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Holy Water

Holy Water

Review by Lisa Keddie

IndieLondon Rating: 1 out of 5

OH, JESUS, Mary and Joseph, how the Irish must cringe into their pints of Guinness, each time a film crew with a romantic notion of their fair Emerald Isle portrays them in a film.

If it’s not the appalling accents, it’s the overkill of local village idiocy, which goes and ruins a potentially jolly caper.

Rumour has it, the Irish Film Board wanted nothing to do with this wanton ad for Viagra, which speaks volumes for a folk normally the most open-minded and spirited of the lot of us – and quick to self-mock.

Holy Water drowns you in one Irish cliché after Irish cliché until you can’t breathe, desperate for you to love it (because it’s set in quirky little Ireland), as much as its oddball group of characters.

Sadly, there’s just not enough of the ‘luck of the Irish’ or Gaelic charm to truly win you over, even though the concept of a small, unsuspected village ‘high’ on Viagra from their local contaminated water supply – thanks to a local gang’s heist c*ck-up, is a great one to explore, and given a superior script and better direction could have been a riotous winner.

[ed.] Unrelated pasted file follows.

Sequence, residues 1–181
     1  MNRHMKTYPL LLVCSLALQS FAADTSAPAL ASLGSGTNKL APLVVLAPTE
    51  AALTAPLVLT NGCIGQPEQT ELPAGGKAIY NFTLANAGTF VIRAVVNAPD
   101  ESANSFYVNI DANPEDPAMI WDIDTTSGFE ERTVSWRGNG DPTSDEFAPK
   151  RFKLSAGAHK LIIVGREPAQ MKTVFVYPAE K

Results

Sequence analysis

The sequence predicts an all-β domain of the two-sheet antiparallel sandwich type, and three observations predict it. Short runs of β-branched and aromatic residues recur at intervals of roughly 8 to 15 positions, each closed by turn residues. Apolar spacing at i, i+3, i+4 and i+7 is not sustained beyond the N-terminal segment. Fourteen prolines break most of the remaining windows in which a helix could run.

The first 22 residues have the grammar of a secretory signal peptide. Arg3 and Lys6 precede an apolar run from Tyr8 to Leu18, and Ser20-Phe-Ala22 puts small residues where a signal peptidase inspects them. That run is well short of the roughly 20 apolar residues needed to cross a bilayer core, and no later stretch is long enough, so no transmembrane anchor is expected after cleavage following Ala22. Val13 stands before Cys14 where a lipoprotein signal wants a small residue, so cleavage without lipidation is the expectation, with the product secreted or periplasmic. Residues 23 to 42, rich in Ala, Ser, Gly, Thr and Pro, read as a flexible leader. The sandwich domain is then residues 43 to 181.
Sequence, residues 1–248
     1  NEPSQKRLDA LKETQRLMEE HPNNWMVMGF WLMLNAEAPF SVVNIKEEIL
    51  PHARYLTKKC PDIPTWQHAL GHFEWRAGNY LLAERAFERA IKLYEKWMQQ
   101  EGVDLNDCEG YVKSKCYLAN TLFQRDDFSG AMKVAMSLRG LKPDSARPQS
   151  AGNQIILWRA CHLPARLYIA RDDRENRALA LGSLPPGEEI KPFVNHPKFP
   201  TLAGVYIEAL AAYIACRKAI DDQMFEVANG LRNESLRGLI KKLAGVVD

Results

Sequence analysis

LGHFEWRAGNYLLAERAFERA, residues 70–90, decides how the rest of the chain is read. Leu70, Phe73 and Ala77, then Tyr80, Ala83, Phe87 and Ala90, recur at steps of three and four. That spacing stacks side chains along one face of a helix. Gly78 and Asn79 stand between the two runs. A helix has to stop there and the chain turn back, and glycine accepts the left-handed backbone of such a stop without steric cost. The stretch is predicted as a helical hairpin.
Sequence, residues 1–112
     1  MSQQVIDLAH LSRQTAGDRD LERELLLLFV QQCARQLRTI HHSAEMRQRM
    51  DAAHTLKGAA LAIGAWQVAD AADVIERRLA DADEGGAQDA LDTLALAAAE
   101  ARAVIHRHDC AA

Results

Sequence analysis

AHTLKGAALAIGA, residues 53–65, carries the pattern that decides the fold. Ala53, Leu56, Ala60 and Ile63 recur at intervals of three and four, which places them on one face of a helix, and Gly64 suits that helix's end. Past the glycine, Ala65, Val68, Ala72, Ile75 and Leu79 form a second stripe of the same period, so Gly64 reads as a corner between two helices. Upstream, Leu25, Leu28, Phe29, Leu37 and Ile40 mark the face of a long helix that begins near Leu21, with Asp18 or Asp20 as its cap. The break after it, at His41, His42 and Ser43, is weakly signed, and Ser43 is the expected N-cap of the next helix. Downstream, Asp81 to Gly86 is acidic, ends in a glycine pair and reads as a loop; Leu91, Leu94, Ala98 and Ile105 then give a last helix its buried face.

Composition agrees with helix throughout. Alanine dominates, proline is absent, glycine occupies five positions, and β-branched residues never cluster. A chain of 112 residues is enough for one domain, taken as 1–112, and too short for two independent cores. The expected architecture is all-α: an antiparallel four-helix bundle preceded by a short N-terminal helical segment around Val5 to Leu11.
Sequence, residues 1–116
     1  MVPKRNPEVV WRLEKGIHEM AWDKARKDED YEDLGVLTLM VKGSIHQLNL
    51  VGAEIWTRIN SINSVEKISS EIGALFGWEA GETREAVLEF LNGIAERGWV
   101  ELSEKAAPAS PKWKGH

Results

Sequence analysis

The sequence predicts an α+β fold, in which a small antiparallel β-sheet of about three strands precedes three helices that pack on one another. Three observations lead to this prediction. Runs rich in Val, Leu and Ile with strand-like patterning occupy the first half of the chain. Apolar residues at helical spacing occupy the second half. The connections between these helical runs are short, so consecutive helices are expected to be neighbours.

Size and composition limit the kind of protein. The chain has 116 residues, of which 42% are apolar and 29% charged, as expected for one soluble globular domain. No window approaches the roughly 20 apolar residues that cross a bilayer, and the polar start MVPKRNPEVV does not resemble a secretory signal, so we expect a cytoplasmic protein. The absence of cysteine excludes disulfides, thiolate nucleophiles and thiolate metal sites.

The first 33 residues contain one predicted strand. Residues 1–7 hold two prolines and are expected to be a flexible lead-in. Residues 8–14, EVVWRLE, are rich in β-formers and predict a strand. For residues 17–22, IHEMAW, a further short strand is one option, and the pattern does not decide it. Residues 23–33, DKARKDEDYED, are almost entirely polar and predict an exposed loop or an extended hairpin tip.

Admittedly, the sexual innuendos get a couple of naughty giggles, as does the Benny-Hill-style, bare-bottom farce, but it’s more out of sheer embarrassment at what you’re watching, like some kind of bad, late ’70s comedy, rather than because it’s actually funny.

The most ‘hilarious’ part of the whole film – as the thieving eg*ts that steal the blue tablet loot are fairly forgettable – is Terminator’s Linda Hamilton, complete with mean, no-nonsense Sarah Connor stance, thundering through the rural lanes in an blacked-out FBI super truck, trying to piece together the clues to find her villains, without much help from a) her sexed-up, Viagra-induced team, b) the local, Viagra-ready Garda.

What was she (or her agent) thinking? There isn’t even the usual delight to snigger at the fish-out-of-water Yanks as they completely miss the local plot. You are almost glad for the saving grace of a bit of an Irish gig and ‘fiddly, diddly music’, if only to put a real smile on your face.

Something must have been slipped into the film-makers’ water if they thought the end result could pass as remotely funny because the Viagra just doesn’t work, here, to turn this into a sturdy specimen of cinematic craftsmanship, rather than a disappointing flop. As the rather genius tagline says: Time for a stiff drink…

Certificate: 15
Running time: 93mins
UK DVD Release: May 31, 2010